KEITH GIFFEN on the OUTSIDERS Looking In
GIFFEN on the OUTSIDERS Looking In
Giffen is picking up a pencil again to draw next month's Legion of Super-Heroes Annual #1 by writer Paul Levitz, and now he's the regular penciler on The Outsiders, the comic that's written by DC Co-Publisher Dan DiDio. At the same time, he's writing Doom Patrol and co-writing Booster Gold with J.M. DeMatteis.
We recently talked with Giffen about his work on Doom Patrol -- including writer Gail Simone in the interview, since Doom Patrol is soon crossing over with Secret Six.
But now we turn our attention to the creator's other work, including a discussion about why Giffen hates too much realism, whose costumes he's changing, and what he thinks about the death of Magog.
Newsarama: Keith, we talked with you recently about Doom Patrol, but you have other projects coming up. Some that you’re drawing. How's it's been getting back to the art side of things?
Keith Giffen: It's great. I picked up the pencil and can’t put it down. I’m the regular monthly artist on Outsiders.
Nrama: So you're drawing at least a comic every month? On top of your writing?
Giffen: Yeah. And The Outsiders is just absolutely tons of fun. And I actually got Dan’s permission to go in and make some of those costumes work. Like Geo-Force has been in that outfit for ages. And I refuse, absolutely refuse, to draw the Olympian in that, excuse the term, baggy little Greek outfit he’s running around in.
Nrama: What kind of tone are you going for in The Outsiders?
Giffen: We kind of agreed that we just want to do big, loud comic books. You know? Just people throwing buildings at one another, get back to that frantic four-color wheel that they used to have and just toss reality out the window.
I hate too much reality. I mean, the guys who Photoshop in photo reference and every superhero has to look like he’s really walking in the door and everything has to work? To me that is dull as dirt. Comic books are not reality. Yeah, this whole idea of trying to, I think it’s about getting them closer to reality so it’ll be more attractive to the movie industry", like, "here’s how you can do it." Screw the movie industry; I just want to tell good stories.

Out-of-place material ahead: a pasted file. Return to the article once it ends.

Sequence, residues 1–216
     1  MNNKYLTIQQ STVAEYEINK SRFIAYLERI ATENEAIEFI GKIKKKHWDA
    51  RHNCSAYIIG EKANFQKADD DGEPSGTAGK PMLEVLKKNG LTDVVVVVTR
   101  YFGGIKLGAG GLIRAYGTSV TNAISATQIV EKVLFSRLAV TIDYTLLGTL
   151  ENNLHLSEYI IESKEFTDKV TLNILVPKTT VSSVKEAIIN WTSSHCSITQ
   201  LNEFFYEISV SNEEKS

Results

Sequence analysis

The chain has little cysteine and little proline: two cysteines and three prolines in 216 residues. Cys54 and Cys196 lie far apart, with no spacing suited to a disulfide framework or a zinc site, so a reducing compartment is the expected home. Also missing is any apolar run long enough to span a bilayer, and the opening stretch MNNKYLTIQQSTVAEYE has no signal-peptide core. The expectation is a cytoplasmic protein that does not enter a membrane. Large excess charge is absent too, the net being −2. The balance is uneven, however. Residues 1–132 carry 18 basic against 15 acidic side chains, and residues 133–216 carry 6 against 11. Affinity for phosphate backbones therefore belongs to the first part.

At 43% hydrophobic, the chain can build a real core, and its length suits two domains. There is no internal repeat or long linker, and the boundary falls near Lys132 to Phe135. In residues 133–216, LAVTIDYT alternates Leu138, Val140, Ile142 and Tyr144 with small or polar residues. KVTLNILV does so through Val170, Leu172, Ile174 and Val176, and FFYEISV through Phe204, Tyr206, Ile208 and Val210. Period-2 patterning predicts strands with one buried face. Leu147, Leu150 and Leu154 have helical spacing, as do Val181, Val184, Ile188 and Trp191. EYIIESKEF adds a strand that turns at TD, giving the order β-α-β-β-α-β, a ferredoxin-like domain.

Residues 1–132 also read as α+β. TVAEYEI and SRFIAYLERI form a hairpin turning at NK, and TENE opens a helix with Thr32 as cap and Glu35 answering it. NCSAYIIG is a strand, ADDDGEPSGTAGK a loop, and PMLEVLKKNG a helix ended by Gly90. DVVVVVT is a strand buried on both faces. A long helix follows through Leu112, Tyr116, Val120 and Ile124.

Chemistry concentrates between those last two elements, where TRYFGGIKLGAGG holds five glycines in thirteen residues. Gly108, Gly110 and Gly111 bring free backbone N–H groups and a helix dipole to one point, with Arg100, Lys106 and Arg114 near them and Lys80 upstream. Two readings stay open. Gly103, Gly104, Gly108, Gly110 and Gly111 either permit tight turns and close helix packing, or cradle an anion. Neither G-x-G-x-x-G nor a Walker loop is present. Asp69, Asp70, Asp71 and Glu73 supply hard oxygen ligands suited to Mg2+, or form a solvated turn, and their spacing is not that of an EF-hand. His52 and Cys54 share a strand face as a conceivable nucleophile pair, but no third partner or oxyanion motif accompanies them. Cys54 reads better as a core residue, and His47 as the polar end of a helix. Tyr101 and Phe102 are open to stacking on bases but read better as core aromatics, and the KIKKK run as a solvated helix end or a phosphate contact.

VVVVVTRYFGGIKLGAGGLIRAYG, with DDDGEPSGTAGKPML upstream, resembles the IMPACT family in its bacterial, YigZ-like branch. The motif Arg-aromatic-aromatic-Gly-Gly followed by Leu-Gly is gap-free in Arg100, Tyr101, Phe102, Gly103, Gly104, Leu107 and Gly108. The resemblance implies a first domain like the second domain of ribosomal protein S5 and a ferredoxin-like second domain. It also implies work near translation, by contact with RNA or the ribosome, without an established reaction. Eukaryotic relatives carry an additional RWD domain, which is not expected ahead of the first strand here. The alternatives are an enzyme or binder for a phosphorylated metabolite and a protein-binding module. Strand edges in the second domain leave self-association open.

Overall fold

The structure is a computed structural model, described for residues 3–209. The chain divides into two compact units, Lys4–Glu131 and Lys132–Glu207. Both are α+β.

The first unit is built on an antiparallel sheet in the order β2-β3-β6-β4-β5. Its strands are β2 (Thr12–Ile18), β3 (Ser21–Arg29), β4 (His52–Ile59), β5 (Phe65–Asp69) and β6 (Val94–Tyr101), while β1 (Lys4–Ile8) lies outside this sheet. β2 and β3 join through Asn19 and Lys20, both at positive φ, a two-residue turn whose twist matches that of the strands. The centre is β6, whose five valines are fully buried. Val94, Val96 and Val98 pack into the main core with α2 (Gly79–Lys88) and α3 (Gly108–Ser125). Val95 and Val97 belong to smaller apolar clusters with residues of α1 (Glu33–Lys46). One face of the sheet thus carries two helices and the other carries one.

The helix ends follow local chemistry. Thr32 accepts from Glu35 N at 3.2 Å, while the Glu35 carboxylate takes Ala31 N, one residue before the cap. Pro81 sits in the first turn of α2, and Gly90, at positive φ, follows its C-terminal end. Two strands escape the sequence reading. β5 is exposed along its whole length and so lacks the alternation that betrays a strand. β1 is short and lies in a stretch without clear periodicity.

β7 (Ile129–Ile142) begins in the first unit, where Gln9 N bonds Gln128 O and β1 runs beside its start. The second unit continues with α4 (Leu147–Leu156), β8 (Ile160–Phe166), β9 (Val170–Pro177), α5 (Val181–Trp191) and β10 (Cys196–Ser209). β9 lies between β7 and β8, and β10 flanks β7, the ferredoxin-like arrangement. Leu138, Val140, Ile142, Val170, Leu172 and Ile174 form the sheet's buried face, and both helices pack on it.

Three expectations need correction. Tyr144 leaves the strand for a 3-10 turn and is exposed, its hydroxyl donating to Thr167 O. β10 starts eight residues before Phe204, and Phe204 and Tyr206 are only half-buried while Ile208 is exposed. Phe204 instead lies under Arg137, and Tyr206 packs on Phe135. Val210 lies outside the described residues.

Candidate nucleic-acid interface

I just think we really, really, really gotta, you know, pull our heads out of our asses and realize that we can have so much fun with this stuff if we just stop treating it like we’re curing cancer. I just think it’s time to get back to that free wheeling, manic feel the comics used to have that made them so attractive.
Nrama: I can't help thinking the seriousness of superhero movies has only encouraged that approach in comics. It was 10 or 15 years ago when comic book movies started making superheroes very grounded in reality, with the success of Blade and the early X-Men movies and even Spider-Man. It's only reinforced that approach to superheroes.
Giffen: Yeah, somewhere we took this left turn into serious literature, and it doesn't always work. I just go through some comics and I go, "What? Five pages to put on his pants?" And I just want to get back to comic books as fun for fun. Let’s get some of the characters in there; let’s have a rollicking good time with them. You pick up one of these, like, big bone books they’ve put out, these black-and-white collected editions, and just pick up one at random of any book that they’re reprinted: Read two or three stories, then take the same book and go read the latest two or three stories that we’re putting out. There are rare occasions, there are rare exceptions I mean, but nine times out of 10, the modern product is going to suffer in comparison. You know, end of sermon.
Nrama: Getting back to The Outsiders, how has it been working with Dan DiDio as a writer?
Giffen: Working with Dan on Outsiders, I’ll tell you, he’s really thought it through. He’s got long-term plans, he knows what he’s doing, he knows who the characters are. So, you know, there are a lot of people out there who think, "Oh, he’s the boss. He’s just jerking off onto the page because he can." Not the case. I’ve actually been impressed at the fact that everything is so well planned, and readers will see that everything comes together in one big, white-hot explosion. So all you Dan haters out there, back off a couple of steps. Hate me, I’m used to it.